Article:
Country of Origin: United States of America
Overall: 10 ft. 10 in. tall x 7 ft. 5 in. wide (330.2 x 226.1cm)
Structure: Titanium; cylindrical section: beryllium alloy; conical section: Rene 41 (nickel-steel alloy); heat shield: silicone elastomer
Skin: Rene-41, Beryllium, Nickel Alloy
Gemini X was launched by a Titan II missile on July 18, 1966, for a 3-day mission. Commander John Young and pilot Michael Collins orbited the Earth 43 times. On the third orbit, Gemini X made a successful rendezvous and docking with the Agena 10 target. After undocking with Agena 10, the Gemini crew rendezvoused with Agena 8 without the use of radar. During the second of two spacewalks (EVAs),Collins used a hand-held maneuvering unit to fly to Agena 8, where he recovered a scientific package. Gemini X marked the first flight to rendezvous with two different target vehicles and it provided valuable EVA experience.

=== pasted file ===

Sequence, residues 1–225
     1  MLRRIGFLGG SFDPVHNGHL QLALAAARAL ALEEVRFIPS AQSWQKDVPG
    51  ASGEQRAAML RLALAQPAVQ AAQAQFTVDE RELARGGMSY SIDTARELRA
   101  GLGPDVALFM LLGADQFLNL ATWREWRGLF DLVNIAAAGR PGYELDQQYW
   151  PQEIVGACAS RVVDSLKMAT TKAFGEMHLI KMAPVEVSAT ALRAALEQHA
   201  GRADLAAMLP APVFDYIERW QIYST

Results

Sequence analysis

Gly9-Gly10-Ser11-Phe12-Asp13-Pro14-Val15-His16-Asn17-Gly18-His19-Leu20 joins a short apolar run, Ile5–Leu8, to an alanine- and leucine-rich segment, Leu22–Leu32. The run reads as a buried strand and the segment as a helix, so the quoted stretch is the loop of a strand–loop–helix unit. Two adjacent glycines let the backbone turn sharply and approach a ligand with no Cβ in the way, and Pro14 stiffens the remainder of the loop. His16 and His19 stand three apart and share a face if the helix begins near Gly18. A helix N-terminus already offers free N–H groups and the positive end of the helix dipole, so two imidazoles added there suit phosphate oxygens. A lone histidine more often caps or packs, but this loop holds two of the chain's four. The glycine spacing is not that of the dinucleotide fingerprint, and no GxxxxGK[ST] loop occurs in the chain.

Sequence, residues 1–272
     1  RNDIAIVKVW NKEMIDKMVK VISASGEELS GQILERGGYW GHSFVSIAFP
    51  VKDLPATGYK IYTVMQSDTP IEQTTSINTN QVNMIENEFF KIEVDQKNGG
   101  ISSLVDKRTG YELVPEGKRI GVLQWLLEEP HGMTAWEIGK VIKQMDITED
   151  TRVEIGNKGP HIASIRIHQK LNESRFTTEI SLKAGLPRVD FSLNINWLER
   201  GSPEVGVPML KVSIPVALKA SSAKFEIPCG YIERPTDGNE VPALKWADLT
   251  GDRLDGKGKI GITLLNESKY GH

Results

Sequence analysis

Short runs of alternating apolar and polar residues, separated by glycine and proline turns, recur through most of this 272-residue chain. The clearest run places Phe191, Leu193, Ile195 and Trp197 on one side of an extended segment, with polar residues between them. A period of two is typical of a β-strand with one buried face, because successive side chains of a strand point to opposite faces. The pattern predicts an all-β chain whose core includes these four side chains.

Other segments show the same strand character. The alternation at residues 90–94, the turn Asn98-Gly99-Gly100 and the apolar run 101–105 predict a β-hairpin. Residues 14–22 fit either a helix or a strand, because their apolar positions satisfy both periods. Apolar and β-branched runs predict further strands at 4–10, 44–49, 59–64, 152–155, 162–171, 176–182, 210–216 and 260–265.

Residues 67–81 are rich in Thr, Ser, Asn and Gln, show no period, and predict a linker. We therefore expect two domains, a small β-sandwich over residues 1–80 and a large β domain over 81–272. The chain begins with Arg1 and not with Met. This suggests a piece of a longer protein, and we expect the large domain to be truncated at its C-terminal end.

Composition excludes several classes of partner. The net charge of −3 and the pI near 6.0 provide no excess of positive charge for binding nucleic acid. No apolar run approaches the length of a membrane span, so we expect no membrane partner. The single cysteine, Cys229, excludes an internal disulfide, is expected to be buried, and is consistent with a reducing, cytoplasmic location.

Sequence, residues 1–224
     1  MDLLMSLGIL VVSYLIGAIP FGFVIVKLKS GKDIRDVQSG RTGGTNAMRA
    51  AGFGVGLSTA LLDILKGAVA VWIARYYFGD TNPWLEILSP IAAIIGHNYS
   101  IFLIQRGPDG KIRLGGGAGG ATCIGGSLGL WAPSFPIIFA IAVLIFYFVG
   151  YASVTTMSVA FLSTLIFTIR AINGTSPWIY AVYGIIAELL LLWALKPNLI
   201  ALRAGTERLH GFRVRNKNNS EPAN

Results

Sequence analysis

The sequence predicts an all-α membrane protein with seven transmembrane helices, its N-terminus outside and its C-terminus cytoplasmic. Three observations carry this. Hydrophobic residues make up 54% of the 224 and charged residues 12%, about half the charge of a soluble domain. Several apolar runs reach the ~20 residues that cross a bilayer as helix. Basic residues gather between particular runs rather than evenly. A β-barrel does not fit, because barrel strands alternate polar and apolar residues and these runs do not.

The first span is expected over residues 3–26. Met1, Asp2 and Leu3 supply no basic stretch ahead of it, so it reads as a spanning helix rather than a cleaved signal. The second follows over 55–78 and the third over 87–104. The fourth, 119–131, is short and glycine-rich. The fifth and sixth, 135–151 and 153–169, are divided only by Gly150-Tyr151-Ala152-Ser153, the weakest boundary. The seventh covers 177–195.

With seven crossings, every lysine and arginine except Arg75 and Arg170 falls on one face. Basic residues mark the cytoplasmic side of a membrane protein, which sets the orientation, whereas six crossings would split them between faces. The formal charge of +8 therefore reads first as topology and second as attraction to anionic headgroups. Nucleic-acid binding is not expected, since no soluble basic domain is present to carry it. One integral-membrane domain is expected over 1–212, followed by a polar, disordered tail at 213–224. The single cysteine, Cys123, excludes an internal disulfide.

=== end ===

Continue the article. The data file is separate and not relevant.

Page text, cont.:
In 1967 NASA transferred the Gemini X spacecraft to the Smithsonian Institution.
Transferred from the National Aeronautics and Space Administration